Respiratory infections (RI) in bearded dragons are pretty common and usually much more life-threatening than they are in other pets. Plus, they are easily spread among bearded dragons. 

Common causes of respiratory infections include:

  • Temperature extremes (too high or too low temps in the tank)
  • Excess humidity levels in the enclosure 
  • Lack of adequate ventilation (common in tank cages with the closed ceiling)
  • Poor dietary choices and lack of vitamins and minerals 
  • Bad hygiene within the tank. 

The telltale sign of respiratory infections is gasping for air. However, the condition is also accompanied by other signs and symptoms, including:

  • Puffing up the throat 
  • Shallow breathing
  • Coughing noises
  • Sneezing and snorting 
  • Mucus discharge from the nose and mouth
  • Loss of appetite 
  • Lethargy and disinterest in everyday activities. 

Respiratory infection cases in beardies require prompt and adequate veterinary attention. The mainstream for managing respiratory infections is antibiotics. Since bearded dragons cannot cough, the vet will recommend slightly increasing the temperature within the enclosure to support open-mouth basking and dry out the secretions. The vet will also suggest keeping your beardie on an inclined pillow with the head facing downwards to help the mucus drain out.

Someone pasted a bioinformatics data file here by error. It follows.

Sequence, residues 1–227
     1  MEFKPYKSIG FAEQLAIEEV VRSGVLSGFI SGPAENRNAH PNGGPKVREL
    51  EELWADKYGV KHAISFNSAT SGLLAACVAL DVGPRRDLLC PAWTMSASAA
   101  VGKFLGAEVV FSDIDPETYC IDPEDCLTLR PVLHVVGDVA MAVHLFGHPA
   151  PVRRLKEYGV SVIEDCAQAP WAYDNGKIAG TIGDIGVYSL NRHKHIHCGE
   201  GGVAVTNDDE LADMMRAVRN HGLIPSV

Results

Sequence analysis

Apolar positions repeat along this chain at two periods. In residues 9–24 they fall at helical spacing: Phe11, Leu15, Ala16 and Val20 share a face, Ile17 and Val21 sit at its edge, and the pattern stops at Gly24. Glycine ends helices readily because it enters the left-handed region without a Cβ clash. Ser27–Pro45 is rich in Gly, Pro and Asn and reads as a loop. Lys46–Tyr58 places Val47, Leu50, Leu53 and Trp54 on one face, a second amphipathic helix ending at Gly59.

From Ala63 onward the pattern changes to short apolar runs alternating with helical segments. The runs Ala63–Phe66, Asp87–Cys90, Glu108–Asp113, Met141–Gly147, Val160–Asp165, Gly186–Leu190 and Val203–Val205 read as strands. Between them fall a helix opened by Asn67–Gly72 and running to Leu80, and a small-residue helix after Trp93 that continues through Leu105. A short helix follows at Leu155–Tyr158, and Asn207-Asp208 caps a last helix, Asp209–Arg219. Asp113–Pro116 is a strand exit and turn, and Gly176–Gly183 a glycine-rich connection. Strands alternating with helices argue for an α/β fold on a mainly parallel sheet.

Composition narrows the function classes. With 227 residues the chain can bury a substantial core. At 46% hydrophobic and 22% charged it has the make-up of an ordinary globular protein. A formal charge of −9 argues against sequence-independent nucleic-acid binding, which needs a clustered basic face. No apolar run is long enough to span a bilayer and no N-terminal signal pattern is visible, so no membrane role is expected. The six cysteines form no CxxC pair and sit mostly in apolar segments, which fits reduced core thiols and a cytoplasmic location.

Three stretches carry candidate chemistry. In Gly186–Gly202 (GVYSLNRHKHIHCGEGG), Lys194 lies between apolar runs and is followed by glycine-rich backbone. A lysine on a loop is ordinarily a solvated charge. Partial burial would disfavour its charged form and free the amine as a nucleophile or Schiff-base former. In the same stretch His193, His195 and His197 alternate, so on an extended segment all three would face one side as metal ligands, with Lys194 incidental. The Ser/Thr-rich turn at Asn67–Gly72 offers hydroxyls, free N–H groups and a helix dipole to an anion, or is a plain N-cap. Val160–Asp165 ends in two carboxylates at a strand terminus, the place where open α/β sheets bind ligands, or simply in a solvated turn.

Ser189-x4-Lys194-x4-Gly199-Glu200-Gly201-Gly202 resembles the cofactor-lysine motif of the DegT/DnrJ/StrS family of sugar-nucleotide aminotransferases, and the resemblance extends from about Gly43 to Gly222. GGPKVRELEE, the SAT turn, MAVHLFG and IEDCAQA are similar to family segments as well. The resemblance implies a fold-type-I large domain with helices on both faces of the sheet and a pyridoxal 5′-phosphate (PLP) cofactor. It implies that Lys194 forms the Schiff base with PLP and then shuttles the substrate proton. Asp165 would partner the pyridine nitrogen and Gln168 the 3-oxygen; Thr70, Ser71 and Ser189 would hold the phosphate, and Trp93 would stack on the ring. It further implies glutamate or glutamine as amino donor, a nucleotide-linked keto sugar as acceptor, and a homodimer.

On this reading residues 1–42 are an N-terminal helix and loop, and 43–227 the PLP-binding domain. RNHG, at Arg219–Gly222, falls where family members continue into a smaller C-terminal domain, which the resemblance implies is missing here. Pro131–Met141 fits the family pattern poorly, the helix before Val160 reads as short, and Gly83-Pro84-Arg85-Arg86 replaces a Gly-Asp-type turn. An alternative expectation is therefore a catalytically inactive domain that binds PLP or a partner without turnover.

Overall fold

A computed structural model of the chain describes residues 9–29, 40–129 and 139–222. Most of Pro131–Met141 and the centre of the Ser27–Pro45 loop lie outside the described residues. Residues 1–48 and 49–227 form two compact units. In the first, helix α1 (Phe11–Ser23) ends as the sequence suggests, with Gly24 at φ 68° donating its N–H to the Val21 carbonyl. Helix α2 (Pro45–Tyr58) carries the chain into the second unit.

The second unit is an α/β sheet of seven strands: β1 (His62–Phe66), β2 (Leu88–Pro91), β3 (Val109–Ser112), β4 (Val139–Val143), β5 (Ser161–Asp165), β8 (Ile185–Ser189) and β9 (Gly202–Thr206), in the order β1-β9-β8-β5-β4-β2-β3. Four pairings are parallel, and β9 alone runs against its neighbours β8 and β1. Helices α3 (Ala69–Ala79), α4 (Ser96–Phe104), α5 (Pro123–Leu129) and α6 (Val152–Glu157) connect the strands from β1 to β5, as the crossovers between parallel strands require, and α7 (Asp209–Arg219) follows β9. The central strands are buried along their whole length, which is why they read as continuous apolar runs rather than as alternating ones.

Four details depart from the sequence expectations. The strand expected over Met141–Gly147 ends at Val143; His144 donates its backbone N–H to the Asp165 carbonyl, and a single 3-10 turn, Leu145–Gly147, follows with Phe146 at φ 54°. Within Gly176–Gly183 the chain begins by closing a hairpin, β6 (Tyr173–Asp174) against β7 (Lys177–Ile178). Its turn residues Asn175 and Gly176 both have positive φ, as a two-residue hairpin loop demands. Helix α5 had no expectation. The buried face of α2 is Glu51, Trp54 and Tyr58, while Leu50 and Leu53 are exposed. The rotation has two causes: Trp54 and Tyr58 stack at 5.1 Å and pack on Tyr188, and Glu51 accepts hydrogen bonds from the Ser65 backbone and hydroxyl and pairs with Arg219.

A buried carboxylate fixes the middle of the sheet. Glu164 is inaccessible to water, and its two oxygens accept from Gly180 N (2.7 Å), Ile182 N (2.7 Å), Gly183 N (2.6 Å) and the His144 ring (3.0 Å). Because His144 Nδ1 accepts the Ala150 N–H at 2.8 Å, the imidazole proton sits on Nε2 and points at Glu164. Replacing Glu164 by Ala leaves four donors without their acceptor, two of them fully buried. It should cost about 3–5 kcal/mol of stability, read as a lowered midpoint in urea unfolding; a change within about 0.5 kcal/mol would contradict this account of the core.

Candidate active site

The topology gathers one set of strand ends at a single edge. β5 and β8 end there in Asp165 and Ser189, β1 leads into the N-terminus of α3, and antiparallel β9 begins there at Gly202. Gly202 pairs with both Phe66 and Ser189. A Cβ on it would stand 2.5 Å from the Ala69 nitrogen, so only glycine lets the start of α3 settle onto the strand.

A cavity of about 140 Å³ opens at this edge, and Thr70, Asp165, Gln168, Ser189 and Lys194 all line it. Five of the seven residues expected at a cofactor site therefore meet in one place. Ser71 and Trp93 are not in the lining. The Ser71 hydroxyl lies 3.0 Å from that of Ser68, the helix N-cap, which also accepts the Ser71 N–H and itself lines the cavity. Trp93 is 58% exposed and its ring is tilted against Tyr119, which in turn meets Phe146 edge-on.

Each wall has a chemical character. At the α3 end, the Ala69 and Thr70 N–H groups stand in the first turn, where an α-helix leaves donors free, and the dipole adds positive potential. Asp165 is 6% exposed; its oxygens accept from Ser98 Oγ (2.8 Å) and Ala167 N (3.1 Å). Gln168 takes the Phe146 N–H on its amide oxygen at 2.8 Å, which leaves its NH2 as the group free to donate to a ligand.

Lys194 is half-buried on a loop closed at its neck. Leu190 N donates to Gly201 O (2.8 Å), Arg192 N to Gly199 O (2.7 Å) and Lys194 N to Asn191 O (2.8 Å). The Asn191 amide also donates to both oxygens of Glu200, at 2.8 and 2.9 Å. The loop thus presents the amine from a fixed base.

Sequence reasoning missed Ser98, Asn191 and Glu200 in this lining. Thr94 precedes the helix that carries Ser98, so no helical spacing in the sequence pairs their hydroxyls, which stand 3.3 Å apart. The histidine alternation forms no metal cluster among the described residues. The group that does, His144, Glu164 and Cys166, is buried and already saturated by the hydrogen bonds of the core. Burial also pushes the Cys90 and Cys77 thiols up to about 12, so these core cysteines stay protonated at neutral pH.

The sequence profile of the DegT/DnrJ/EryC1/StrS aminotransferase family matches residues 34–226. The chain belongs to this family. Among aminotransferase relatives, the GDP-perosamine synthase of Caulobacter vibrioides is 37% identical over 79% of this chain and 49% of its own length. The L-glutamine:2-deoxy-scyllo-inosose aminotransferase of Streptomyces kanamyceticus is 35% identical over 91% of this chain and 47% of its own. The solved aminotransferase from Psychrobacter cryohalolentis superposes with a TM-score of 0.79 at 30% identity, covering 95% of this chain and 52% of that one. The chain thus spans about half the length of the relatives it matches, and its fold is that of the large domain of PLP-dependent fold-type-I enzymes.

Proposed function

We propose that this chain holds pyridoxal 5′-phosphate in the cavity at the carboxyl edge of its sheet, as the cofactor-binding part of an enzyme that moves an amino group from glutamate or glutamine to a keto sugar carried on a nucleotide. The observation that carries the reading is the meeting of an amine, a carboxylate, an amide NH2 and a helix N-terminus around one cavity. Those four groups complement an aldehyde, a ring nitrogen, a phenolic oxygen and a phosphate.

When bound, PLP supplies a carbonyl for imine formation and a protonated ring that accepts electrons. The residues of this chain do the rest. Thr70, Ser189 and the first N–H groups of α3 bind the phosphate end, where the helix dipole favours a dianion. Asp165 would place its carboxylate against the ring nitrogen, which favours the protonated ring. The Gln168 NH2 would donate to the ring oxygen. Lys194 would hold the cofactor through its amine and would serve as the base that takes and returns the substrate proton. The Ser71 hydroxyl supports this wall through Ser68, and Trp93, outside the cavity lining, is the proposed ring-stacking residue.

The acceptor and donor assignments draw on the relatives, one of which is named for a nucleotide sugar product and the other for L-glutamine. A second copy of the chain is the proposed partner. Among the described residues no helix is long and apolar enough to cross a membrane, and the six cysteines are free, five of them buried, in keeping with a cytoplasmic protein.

Reason number 2: Air-gasping as a sign of dying   

The hardest part of being a pet owner is the notion one day, you will have to say goodbye. There are several signs indicating your beardie might be at the end of its journey. Here are some commonly reported symptoms of a dying bearded dragon:

  • White, gray, or yellow patches around the mouth
  • Lethargy, depression, and disinterest in everyday activities 
  • Unusually sunken eyes 
  • Labored and shallow breathing or gasping for air
  • Loss of appetite, inability to catch prey, and weight loss
  • Muscle tremors and leg twitching.


Deciding when to take your bearded dragon to the vet’s office can be challenging, especially if you are a first-time reptile parent. Therefore, we suggest going in whenever you are in doubt – hopefully, everything will be alright, and the visit will put your mind at ease. 

However, before rushing to the vet, pay attention to two factors:

  • The environmental conditions 
  • The presence of accompanying red flags. 

If the conditions within the tank are within the normal ranges and there are additional signs and symptoms, we recommend making an urgent trip to the vet’s office. 

On the other hand, if there are no additional issues and the parameters (temperature, lighting, humidity) have been slightly off, we recommend modifying them and seeing how your beardie responds. 


Gasping for air alone cannot tell a lot about your bearded dragon’s health status. This is because depending on the circumstances and accompanying signs, it can be either normal or a sign of severe ailment. 

If your beardie is gasping for air and you have trouble determining the underlying issue, do not hesitate to talk to your vet. In bearded dragons, things can get from bad to worse in no time, meaning it is necessary to seek professional help the moment you notice something worrisome.